This week, the Westchester Library System is introducing a new and improved online catalog system. It’s easier to use and provides better search results. It will also eventually be possible for patrons and librarians to find a book using one search engine, instead of having to look in several different places for print, ebooks, and audiobooks. We will be seeing many additional benefits of the new Evergreen system in the months ahead.
2019 also marks the 60th anniversary of our cooperative library system.
Happy 60th WLS — You’re not just getting older. You’re getting better!
Over the last 60 years, there have been many important milestones in the life of WLS. Here are a few:
1959: 32 libraries in Westchester County established a cooperative system that enabled Westchester residents to borrow books from most of the other public libraries in the county. Six libraries decided not to become part of the system, citing concern that opening their stacks to non-residents would cause serious depletion of books for their own patrons. All six eventually joined WLS.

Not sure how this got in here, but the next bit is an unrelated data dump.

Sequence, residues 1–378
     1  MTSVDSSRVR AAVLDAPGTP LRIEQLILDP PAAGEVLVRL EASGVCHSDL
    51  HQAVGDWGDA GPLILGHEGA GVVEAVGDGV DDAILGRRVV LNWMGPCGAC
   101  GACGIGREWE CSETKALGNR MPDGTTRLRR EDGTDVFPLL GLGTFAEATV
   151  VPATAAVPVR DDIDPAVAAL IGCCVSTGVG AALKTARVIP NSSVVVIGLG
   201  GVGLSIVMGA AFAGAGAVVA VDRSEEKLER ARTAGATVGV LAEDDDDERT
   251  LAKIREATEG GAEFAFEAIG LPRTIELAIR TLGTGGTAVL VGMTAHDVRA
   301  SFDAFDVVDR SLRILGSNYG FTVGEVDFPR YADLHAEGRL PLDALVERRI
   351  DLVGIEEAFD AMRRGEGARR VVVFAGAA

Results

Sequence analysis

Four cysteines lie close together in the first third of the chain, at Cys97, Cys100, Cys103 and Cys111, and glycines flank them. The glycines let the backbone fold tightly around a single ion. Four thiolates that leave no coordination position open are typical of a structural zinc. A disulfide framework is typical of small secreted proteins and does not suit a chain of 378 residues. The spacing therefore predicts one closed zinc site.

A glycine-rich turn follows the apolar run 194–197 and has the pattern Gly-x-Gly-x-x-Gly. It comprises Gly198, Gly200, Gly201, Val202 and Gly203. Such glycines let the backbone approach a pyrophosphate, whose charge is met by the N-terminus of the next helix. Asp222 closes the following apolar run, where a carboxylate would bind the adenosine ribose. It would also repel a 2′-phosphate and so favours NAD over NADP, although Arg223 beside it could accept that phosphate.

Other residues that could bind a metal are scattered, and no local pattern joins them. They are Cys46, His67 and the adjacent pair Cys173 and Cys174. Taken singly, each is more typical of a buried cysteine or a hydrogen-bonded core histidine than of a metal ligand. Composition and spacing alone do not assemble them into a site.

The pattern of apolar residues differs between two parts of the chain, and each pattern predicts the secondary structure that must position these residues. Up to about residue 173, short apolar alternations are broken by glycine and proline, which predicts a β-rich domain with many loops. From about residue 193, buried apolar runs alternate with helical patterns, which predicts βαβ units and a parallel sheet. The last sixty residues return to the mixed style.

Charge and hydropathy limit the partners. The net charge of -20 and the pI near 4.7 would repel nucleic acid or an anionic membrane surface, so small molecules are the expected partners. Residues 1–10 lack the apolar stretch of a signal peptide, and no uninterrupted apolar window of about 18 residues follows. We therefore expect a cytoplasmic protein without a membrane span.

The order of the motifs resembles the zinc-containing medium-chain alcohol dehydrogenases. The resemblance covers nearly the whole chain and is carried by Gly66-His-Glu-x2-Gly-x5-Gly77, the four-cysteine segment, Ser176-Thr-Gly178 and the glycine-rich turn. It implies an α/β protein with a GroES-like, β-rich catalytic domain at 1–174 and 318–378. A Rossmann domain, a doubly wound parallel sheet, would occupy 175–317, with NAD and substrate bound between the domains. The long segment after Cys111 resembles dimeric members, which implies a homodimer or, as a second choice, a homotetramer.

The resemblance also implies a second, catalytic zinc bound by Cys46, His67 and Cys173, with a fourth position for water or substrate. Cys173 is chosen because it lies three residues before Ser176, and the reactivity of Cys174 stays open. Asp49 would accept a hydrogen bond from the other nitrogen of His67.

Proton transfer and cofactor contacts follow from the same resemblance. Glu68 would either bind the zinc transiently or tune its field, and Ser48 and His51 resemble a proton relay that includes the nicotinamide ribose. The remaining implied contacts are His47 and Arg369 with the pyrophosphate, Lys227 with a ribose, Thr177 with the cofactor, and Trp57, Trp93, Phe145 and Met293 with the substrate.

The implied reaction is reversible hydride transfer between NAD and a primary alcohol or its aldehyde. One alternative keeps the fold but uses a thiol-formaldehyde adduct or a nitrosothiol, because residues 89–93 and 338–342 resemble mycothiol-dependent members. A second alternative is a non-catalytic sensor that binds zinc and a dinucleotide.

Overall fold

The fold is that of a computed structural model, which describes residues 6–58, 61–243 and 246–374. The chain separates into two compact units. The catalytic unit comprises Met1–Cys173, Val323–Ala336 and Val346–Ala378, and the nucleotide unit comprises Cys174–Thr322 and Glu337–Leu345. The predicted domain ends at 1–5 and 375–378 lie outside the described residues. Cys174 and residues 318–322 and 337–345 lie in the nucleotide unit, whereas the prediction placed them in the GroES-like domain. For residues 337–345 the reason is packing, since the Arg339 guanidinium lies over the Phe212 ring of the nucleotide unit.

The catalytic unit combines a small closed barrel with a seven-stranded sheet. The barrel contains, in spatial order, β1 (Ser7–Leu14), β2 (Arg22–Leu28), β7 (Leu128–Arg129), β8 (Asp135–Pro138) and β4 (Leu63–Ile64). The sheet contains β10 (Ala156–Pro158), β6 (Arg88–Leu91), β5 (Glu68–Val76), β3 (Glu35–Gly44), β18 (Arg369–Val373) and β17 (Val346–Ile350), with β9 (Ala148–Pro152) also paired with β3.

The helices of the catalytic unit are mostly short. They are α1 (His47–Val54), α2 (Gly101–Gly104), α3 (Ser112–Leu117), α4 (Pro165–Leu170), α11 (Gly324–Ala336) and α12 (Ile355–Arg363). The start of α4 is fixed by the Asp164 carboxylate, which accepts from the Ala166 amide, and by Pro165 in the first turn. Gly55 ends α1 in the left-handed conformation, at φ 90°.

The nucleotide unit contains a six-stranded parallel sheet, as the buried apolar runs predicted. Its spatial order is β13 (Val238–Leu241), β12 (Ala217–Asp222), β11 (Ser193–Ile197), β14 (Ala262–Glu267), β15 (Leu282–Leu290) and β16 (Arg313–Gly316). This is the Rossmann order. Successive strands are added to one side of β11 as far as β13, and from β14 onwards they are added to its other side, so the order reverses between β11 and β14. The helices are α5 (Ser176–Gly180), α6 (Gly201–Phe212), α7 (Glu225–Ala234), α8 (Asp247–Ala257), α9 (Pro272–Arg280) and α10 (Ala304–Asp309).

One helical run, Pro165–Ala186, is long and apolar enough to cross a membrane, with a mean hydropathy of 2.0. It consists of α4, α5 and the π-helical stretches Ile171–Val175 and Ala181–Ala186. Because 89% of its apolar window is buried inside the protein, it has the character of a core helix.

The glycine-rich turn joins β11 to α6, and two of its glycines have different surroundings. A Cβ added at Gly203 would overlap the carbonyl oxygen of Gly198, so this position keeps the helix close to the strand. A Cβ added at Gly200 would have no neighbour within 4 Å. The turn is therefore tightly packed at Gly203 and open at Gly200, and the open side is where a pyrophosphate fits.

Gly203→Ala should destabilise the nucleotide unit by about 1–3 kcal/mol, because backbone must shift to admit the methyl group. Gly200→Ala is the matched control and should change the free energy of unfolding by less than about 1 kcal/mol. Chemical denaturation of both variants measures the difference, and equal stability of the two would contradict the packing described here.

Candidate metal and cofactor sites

1988: Westlynx, a computerized catalog that gave librarians access to a list of titles that were available throughout the county, was introduced. Several well-known Westchester residents participated in radio and poster announcements that promoted the new system including tennis star Arthur Ashe, actors Michael Douglas and Mary Beth Hurt, and director Paul Schrader.
1997: WLS signed an agreement with EBSCO, which gave patrons access to magazines, Facts on File, encyclopedias, and other online databases. Today, there is a whole host of research tools that are available online.
1999: The Dynix system made it possible for patrons to search for, and order, books and other materials from their home computers. This led to huge increase in the number of materials that were requested, and a need for more vans to deliver the materials back and forth.
Since 2000: Sharing has allowed every library in the system, no matter how small, to offer patrons the same materials that used to be available only in larger libraries .In fact, the availability of a wider array of materials through sharing may be one factor in the ongoing vitality of local Westchester libraries, many of which have renovated, expanded. or rebuilt their facilities in recent years.
(The phrase “You’re not getting older. You’re getting better.” was originally used in a 1970s Clairol campaign)